old age

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Related to old-age: old-age insurance, old-age pension

old age:

see geriatricsgeriatrics
, the branch of medicine concerned with conditions and diseases of the aged. Many disabilities in old age are caused by or related to the deterioration of the circulatory system (see arteriosclerosis), e.g.
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The Columbia Electronic Encyclopedia™ Copyright © 2013, Columbia University Press. Licensed from Columbia University Press. All rights reserved. www.cc.columbia.edu/cu/cup/

old age

the last part of the individual LIFE COURSE, associated with declining faculties, low social worth and detachment from previous social commitments. It is a social construct rather than a biological stage, since its onset and significance vary historically and culturally. See also AGEING, GERONTOLOGY.
Collins Dictionary of Sociology, 3rd ed. © HarperCollins Publishers 2000
The following article is from The Great Soviet Encyclopedia (1979). It might be outdated or ideologically biased.

Old Age


the period of life that inevitably sets in after middle age and is characterized by significant metabolic, structural, and functional changes in organs and systems that limit the adaptability of the body. Old age is a result of the dynamic process of aging. According to one system of age classification, 75–90 years of age is considered old age, and over 90, advanced old age.

An individual’s physical appearance, work capacity, and mental abilities change with old age, as does the course of many diseases. The skin becomes thinner and less elastic, and wrinkles and pigment spots appear. The hair turns gray and falls out. Visual acuity decreases, and lenticular opacity develops, often resulting in the formation of cataracts. An individual may grow shorter, and curvature of the spine is common. Joint mobility is limited, and bones become fragile and lose calcium. Mental performance declines, and a person becomes more easily fatigued, less able to recall recent events, and subject to sleep disturbances.

Because of their adaptive mechanisms, some old people can maintain a high level of intellectual activity for a long time and remain alert and creative. With old age, organs and tissues are less influenced by neural factors but are more sensitive to humoral influences. Age-related changes in the vascular wall and in protein and lipid metabolism contribute to the progression of atherosclerosis. Changes in digestion may cause vitamin deficiency. The rate of aging and extent of changes in organs and tissues vary with each individual. (For changes that occur with aging on the cellular level and in functional systems see.)


The Great Soviet Encyclopedia, 3rd Edition (1970-1979). © 2010 The Gale Group, Inc. All rights reserved.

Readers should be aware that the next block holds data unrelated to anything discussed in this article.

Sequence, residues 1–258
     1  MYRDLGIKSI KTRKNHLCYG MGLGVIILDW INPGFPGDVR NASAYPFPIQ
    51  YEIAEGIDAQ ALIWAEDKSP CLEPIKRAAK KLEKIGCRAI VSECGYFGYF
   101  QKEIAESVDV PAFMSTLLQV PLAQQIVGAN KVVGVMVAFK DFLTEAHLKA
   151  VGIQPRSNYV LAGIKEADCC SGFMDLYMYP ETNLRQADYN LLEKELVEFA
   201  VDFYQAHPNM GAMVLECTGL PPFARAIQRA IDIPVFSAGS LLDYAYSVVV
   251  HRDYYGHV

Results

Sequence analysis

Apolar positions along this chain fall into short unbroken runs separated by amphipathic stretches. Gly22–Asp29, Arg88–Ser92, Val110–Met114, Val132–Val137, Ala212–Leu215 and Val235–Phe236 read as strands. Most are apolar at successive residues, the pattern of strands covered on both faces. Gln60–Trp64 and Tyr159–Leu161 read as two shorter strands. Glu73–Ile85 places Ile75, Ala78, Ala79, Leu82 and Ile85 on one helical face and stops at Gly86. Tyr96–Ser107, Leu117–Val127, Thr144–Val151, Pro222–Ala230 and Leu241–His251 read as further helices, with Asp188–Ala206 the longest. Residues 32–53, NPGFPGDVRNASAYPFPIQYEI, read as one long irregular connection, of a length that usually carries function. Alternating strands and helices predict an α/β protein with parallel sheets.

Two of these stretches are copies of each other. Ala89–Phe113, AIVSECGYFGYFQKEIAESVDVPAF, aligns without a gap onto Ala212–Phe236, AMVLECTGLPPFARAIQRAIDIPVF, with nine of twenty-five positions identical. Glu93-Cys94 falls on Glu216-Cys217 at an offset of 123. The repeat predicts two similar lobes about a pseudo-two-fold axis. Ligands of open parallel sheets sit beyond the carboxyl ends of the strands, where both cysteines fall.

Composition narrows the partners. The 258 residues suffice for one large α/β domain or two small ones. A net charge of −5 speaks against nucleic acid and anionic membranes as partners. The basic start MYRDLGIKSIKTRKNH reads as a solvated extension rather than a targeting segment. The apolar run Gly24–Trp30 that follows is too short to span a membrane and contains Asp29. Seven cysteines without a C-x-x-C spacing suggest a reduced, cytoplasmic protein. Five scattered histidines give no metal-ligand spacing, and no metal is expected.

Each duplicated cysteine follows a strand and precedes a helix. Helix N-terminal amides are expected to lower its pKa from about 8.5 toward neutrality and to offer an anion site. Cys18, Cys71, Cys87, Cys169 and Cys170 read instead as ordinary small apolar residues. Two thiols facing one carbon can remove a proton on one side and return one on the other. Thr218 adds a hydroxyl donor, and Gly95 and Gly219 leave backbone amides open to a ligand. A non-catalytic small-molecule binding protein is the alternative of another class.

old age

[′ōld ′āj]
The last stage of the erosion cycle in the development of the topography of a region in which erosion has reduced the surface almost to base level and the land forms are marked by simplicity of form and subdued relief. Also known as topographic old age.
McGraw-Hill Dictionary of Scientific & Technical Terms, 6E, Copyright © 2003 by The McGraw-Hill Companies, Inc.
References in periodicals archive ?
Assuming 20% non--responder rate, it was rounded off to 150.[8] Hence, 75 subjects each were selected in public and private old-age homes, respectively.
The scheme is 26 years old, but old-age pension benefit was added in 1998 and paid out for the first time in 2014.
EOBI has targeted to benefit 29,645 registered workers up to June 2016 for which an additional amount of Rs 7,540 mln was allocated for Old-Age Pension, Survivors Pension, Invalidity Pension and Old-Age Grants.
The concept of old-age home in India developed in late 1990s.
The advocates of the GE frame make a third claim, arguing that policies unfair to working age adults have thrived in part due to the political influence of old-age interest groups such as AARP (Farlie, 1988; Longman, 1989).
ABSTRACT: In two anthropological studies on old-age institutions, the lobby is found to be an arena in which one may examine the styles that seniors use to cope with the end of life.
"With the introduction of the MPF, complemented by personal savings and CSSA, Hong Kong will have in place all three pillars for old-age protection," the fund authority said in a statement.
Roosevelt's landmark social insurance legislation of 1935, which inaugurated the nation's federal-state system of unemployment insurance as well as its purely federal old-age insurance program.
In 1889 Germany became the first nation in the world to enact a national compulsory old-age pension system, which was one of several social insurance programs introduced in Germany during the 1880s.
This omnibus piece of legislation, certainly the most important social welfare law in the nation's history, marked the beginning of the nation's public assistance (welfare), unemployment compensation and old-age or Social Security programs.
What then would be the responsibilities of the old-age vocation?
The book, on the basis of a sample survey of 50,000 households in India, describes regional variations and differences between the rural and urban old in terms of health problems, financial constraints, and both geographical spread and functioning of old-age homes.